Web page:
Ethics Opinion 098NEW YORK STATE BAR ASSOCIATION Professional Ethics Committee Opinion
Opinion #98 – 01/30/1969 (27-68)
intermediary, labor, law practice, lawyer referral serice, legal services, publicity, representation
Modified by 416
Topic: Circular announcing free legal services by union lawyers
Digest: Circular improper where named lawyer’s abilities are publicized and where announcement of free legal services to union members is not limited to matters relating to employment
Canons: Former Canons 27, 35, 47
In an employee representation election campaign, union officers have distributed to prospective members a circular which announces “free legal service” for union members, giving the name of a specific union lawyer with whom they are invited to meet.The circular is headed in large boldfaced stenciled letters: “FREE LEGAL SERVICE”. Also in prominent stenciled letters is an invitation to “MEET ATTORNEY [NAME]”.The circular (with solid capitals; underlining, etc. as in the original and with only specific identification deleted) reads as follows:Below the boldfaced heading “FREE LEGAL SERVICE” appears the following:”Every member of… [name of union and local]… is entitled to free legal service even if this means going into court. This is the individual service we are glad to give our membership.”The attorneys who represent you on your day to day problems will also be the ones who will be sitting with the union committee when [contract] negotiations will take place. This will be immediately after the… employee election.”…(OUR UNION)… ATTORNEYS KNOW YOUR PROBLEMS – KNOW WHAT… EMPLOYEES’ NEEDS ARE AND WHAT THEY WANT – KNOW HOW TO GET IT AND HOW TO SPELL IT OUT IN A CONTRACT.”Below the words “MEET ATTORNEY… [NAME]…”, appears the following:”In the coming weeks… [Name of union and local]… will be holding meetings throughout the State. Attor… [Name]… will be there. He’ll tell you what we are going to fight for. You tell him what more we should ask for.”SUPPORT… [NAME OF UNION AND LOCAL]…”The circular closes with the typewritten names of the president of the local and the director of the parent union, who are identified as holding these two offices.Our Committee has been asked two questions:1. Is it professionally proper for an attorney to permit the use of his name in circulars of this type?2. Are there limits on an attorney’s right to accept employment from a union to perform free legal service for union members?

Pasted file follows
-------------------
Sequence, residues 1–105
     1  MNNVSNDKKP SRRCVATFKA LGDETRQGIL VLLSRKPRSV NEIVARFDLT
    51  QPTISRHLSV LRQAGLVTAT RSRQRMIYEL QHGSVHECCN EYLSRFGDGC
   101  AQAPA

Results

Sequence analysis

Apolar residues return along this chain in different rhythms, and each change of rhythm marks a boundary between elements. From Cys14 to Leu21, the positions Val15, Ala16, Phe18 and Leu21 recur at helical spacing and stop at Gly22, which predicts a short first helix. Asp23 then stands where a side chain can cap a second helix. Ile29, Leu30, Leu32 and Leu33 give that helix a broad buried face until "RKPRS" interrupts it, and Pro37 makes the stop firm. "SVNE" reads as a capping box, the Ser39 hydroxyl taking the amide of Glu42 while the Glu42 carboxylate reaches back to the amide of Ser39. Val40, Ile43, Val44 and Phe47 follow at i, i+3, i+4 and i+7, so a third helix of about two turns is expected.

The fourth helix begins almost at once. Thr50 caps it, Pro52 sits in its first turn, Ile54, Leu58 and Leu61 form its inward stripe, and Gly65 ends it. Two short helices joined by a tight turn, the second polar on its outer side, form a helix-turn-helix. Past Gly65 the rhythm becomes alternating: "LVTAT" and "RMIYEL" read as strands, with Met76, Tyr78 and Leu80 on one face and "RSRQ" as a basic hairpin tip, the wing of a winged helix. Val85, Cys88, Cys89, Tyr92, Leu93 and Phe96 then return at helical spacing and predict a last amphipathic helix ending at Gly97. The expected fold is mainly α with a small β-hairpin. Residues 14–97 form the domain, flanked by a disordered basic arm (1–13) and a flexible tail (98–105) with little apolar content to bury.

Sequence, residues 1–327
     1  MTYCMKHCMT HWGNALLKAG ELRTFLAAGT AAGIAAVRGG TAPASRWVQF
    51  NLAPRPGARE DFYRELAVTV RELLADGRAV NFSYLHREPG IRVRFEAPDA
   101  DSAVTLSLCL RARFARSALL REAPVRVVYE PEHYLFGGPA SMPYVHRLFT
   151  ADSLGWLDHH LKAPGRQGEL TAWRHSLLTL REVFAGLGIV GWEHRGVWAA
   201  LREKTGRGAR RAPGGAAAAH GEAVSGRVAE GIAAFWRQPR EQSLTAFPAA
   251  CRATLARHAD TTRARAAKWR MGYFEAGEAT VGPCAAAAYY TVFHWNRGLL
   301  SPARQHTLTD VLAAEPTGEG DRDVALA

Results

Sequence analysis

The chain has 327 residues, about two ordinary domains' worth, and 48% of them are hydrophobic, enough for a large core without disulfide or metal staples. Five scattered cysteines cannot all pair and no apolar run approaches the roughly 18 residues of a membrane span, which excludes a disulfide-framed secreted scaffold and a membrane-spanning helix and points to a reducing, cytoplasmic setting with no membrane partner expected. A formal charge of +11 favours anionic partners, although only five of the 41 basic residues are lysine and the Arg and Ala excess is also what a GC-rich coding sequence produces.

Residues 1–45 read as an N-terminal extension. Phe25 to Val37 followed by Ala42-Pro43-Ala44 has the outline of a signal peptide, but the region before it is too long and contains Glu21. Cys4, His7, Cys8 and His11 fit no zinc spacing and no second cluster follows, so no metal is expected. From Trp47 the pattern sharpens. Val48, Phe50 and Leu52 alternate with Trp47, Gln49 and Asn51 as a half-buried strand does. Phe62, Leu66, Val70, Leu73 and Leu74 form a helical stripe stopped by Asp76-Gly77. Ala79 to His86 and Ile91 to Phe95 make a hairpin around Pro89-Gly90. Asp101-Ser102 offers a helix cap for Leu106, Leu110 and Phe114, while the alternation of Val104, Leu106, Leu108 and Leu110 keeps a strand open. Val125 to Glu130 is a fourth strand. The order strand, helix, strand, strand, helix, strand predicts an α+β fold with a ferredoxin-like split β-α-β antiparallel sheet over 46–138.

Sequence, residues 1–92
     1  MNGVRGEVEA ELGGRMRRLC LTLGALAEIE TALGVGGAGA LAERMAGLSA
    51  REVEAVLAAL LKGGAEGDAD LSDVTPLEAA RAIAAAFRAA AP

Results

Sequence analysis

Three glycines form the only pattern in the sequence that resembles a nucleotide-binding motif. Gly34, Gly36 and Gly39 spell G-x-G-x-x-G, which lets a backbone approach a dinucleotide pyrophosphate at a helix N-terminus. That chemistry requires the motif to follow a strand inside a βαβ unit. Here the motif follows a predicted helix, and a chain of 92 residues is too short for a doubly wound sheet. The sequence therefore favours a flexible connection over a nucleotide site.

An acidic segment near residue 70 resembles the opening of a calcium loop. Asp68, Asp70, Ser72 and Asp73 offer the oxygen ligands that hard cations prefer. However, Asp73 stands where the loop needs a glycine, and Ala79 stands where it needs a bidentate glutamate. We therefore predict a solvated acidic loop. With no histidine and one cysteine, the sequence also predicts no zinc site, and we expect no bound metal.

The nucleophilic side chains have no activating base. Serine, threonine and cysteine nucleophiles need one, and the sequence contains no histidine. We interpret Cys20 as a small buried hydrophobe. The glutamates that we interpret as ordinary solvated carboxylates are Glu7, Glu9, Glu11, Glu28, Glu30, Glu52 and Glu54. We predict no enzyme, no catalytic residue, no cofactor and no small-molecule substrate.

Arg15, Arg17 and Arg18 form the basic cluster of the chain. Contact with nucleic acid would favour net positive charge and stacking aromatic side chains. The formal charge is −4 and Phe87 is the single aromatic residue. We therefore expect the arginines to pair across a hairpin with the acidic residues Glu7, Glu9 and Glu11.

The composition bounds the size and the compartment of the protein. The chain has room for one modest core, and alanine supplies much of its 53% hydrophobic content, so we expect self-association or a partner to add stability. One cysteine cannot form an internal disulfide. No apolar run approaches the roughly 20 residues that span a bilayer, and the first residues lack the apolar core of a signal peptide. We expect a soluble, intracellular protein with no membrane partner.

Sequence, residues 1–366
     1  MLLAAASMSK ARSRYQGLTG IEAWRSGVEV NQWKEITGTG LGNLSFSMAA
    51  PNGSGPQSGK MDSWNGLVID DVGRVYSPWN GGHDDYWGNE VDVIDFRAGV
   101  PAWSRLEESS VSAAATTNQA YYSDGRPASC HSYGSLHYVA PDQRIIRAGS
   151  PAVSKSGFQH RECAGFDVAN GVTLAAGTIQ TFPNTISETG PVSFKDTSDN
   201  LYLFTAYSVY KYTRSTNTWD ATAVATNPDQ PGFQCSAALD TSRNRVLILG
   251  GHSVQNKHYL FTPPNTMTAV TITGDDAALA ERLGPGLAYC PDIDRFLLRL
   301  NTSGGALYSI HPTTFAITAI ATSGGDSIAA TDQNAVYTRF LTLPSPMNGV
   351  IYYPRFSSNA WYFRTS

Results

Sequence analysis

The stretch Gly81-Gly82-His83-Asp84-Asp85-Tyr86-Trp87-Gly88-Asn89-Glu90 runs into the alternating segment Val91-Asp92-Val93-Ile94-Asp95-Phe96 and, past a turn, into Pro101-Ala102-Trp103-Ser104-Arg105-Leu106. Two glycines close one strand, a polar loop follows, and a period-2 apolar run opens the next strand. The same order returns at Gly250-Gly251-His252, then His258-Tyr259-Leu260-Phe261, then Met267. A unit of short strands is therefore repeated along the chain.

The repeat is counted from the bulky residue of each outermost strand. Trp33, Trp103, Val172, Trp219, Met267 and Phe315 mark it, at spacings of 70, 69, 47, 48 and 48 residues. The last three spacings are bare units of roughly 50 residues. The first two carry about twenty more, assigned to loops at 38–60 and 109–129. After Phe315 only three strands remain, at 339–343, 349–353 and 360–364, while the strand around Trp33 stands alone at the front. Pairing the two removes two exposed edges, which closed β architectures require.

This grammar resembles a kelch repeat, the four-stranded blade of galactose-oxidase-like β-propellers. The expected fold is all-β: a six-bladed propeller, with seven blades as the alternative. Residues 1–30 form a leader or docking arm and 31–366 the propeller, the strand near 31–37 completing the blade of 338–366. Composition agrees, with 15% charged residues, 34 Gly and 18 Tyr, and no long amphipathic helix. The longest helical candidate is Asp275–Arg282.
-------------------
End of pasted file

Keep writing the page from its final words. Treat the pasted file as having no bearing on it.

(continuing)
1. In the opinion of the Committee, an attorney should not permit a client to publicize his name and legal ability as in the above described circular. This form of publicity is lacking in dignity, tends to lower the tone of the profession, and operates as an indirect advertisement for professional employment, all in violation of Canon 27.
2. In United Mine Workers v. Illinois State Bar Association, 389 U.S. 217, 221-222 (1967), the Court stated:”We hold that the freedom of speech, assembly, and petition guaranteed by the First and Fourteenth Amendments give petitioner the right to hire attorneys on a salary basis to assist its members in the assertion of their legal rights.”Our Committee in N. Y.State 76 recognized that the United States Supreme Court’s decisions in the United Mine Workers case, in Railroad Trainmen v. Virginia State Bar Association, 377 U.S. 1 (1964) and in NAACP v. Button, 371 U.S. 415 (1963), had raised “substantial uncertainties… as to the extent to which group legal services programs, previously held to be ethically improper, should now be permitted.” We also announced that “under the present doubtful state of the law, and in the absence of amendments to Canons 27 and 35, we are not prepared to approve programs not clearly covered by the three cases cited above.’It is not clear from the circular here utilized whether there are any limits on the kind of free legal services which would be performed for members. If such services are limited to matters relating to employment, including injury and compensation claims arising out of employment, the union legal service program would appear to be covered by the principles of the three Supreme Court decisions. (Cf. N.Y.State 80.) Absent, however, authoritative extension of these decisions or amendments to Canons 27 and 35, we cannot approve the acceptance of employment by an attorney from a union to render free services to employment.